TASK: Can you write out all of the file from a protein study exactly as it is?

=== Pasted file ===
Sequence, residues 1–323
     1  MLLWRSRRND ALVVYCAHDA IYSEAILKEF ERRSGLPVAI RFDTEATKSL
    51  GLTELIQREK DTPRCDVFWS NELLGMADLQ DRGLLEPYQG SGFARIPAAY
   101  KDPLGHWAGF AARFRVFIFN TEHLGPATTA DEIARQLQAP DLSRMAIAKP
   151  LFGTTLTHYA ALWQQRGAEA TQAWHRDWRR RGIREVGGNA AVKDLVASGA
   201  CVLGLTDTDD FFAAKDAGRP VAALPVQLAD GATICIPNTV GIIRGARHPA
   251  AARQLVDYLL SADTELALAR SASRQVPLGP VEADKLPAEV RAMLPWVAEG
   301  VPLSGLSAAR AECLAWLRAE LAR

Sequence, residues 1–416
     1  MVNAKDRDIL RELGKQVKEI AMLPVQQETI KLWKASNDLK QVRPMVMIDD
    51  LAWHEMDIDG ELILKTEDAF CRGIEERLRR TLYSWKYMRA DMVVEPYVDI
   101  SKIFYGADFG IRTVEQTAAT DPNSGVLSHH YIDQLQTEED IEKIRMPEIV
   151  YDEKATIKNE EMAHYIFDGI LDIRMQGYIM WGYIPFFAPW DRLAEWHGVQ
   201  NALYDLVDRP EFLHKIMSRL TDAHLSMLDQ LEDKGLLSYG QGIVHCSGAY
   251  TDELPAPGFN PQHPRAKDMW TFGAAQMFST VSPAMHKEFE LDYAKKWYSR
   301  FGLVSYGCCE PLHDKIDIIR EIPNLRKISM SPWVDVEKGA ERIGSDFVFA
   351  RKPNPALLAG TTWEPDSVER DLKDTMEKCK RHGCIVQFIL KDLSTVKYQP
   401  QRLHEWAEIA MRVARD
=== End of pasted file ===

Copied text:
Sequence, residues 1–323
     1  MLLWRSRRND ALVVYCAHDA IYSEAILKEF ERRSGLPVAI RFDTEATKSL
    51  GLTELIQREK DTPRCDVFWS NELLGMADLQ DRGLLEPYQG SGFARIPAAY
   101  KDPLGHWAGF AARFRVFIFN TEHLGPATTA DEIARQLQAP DLSRMAIAKP
   151  LFGTTLTHYA ALWQQRGAEA TQAWHRDWRR RGIREVGGNA AVKDLVASGA
   201  CVLGLTDTDD FFAAKDAGRP VAALPVQLAD GATICIPNTV GIIRGARHPA
   251  AARQLVDYLL SADTELALAR SASRQVPLGP VEADKLPAEV RAMLPWVAEG
   301  VPLSGLSAAR AECLAWLRAE LAR

Sequence, residues 1–416
     1  MVNAKDRDIL RELGKQVKEI AMLPVQQETI KLWKASNDLK QVRPMVMIDD
    51  LAWHEMDIDG ELILKTEDAF CRGIEERLRR TLYSWKYMRA DMVVEPYVDI
   101  SKIFYGADFG IRTVEQTAAT DPNSGVLSHH YIDQLQTEED IEKIRMPEIV
   151  YDEKATIKNE EMAHYIFDGI LDIRMQGYIM WGYIPFFAPW DRLAEWHGVQ
   201  NALYDLVDRP EFLHKIMSRL TDAHLSMLDQ LEDKGLLSYG QGIVHCSGAY
   251  TDELPAPGFN PQHPRAKDMW TFGAAQMFST VSPAMHKEFE LDYAKKWYSR
   301  FGLVSYGCCE PLHDKIDIIR EIPNLRKISM SPWVDVEKGA ERIGSDFVFA
   351  RKPNPALLAG TTWEPDSVER DLKDTMEKCK RHGCIVQFIL KDLSTVKYQP
   401  QRLHEWAEIA MRVARD